VG: Who would you like to see be the GOP nominee for US Senate in 2012?
JF: I have some thoughts on who I like, but I’m not ready to discuss that publically just yet. What I can say is that I will not support George Allen. He was complicit in all the big government conservatism that came out of the Congress during his years in the Senate, cheerleading for it all and never leading against it. Allen was a go-along member of the GOP majority that lost power because it lost its principles, and he really is the opposite of the ideal candidate for those of us looking for a constitutional, first-principles, non-GOP-status-quo type of candidate. George Allen is the poster child for the establishment.
VG: What do you consider to be your greatest accomplishment, both as the Chair of RPV and a Delegate?
JF: Looking back at my legislative career, we really got a lot done in my 6 years. Sure, I filed a lot of bills because I thought the legislature needed to at least consider a lot of new things. Most of those things ultimately failed, but they got people talking. And, in sheer numbers of actual accomplishments (i.e. not a percentage of bills filed and passed but the stand-alone number of bills passed), I had a better record than just about anyone of my seniority.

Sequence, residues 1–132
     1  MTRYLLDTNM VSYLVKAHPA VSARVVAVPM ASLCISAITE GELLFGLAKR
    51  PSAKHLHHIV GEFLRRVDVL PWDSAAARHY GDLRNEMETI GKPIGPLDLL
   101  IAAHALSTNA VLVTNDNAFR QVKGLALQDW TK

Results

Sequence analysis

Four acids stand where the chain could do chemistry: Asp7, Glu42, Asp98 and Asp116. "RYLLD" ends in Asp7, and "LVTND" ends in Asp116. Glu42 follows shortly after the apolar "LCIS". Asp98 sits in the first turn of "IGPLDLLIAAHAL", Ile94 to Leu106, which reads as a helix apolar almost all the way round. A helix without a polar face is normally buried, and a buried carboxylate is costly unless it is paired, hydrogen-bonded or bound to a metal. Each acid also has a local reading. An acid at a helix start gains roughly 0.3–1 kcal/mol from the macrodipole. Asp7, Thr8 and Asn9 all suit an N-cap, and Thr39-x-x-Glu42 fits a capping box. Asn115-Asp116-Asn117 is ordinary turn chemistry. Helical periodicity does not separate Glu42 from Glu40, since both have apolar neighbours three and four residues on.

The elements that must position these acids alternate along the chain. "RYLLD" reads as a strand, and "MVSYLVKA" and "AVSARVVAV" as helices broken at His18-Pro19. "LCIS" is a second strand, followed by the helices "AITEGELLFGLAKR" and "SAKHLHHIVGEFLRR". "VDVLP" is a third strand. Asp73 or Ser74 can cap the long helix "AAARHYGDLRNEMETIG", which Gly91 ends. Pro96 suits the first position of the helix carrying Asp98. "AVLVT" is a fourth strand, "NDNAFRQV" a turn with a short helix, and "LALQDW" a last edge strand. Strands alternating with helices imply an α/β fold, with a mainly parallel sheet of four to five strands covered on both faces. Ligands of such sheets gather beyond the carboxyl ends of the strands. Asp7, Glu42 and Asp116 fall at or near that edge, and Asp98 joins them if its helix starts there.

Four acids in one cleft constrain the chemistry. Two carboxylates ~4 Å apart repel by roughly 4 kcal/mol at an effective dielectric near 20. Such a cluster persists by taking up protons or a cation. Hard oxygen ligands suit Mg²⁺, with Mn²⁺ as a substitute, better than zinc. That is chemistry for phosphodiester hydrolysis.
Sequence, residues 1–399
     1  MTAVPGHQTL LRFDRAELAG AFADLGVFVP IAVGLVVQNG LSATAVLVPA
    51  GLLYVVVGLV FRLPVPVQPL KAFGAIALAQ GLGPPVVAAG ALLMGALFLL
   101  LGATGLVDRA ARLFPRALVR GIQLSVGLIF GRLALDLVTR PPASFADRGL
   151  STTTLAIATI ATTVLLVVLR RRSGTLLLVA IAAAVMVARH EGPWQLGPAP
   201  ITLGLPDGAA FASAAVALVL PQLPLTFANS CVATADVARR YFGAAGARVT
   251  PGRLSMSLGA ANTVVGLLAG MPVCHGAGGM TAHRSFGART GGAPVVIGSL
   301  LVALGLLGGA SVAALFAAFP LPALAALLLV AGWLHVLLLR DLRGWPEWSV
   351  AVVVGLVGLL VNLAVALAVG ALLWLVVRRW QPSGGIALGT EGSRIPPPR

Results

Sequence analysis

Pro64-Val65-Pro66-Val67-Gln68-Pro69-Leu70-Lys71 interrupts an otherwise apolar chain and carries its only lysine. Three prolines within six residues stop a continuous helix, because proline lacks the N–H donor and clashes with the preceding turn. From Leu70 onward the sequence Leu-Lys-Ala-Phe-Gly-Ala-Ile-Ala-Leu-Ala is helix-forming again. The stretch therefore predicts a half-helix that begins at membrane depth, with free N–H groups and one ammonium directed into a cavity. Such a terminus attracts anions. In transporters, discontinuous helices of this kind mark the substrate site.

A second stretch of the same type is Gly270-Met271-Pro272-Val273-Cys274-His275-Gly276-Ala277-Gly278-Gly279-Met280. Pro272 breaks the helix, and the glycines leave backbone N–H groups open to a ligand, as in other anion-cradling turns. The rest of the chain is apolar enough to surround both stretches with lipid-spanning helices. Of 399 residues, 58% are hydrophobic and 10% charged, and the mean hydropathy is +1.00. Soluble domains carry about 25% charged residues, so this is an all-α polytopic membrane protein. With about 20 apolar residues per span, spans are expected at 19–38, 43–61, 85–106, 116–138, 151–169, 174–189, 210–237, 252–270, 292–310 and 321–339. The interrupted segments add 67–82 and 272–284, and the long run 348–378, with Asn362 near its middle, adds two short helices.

We got landmark stuff done on land use, protections for military personnel, and giving community college students better access to our 4 year colleges/universities. We made progress on making health care more affordable (in a free-market based way) for small businesses, provided some (but not enough) tax relief, and got some much needed transportation funding for Eastern Prince William County. But, the thing I’m most proud of – which has literally saved lives and helped families – is our reform of the metabolic screening laws for newborns in Virginia. It’s not the sexiest of accomplishments to talk about, but it is by far the most impacting. I was/am very proud to have been able to be a small part of HB1824 (2005).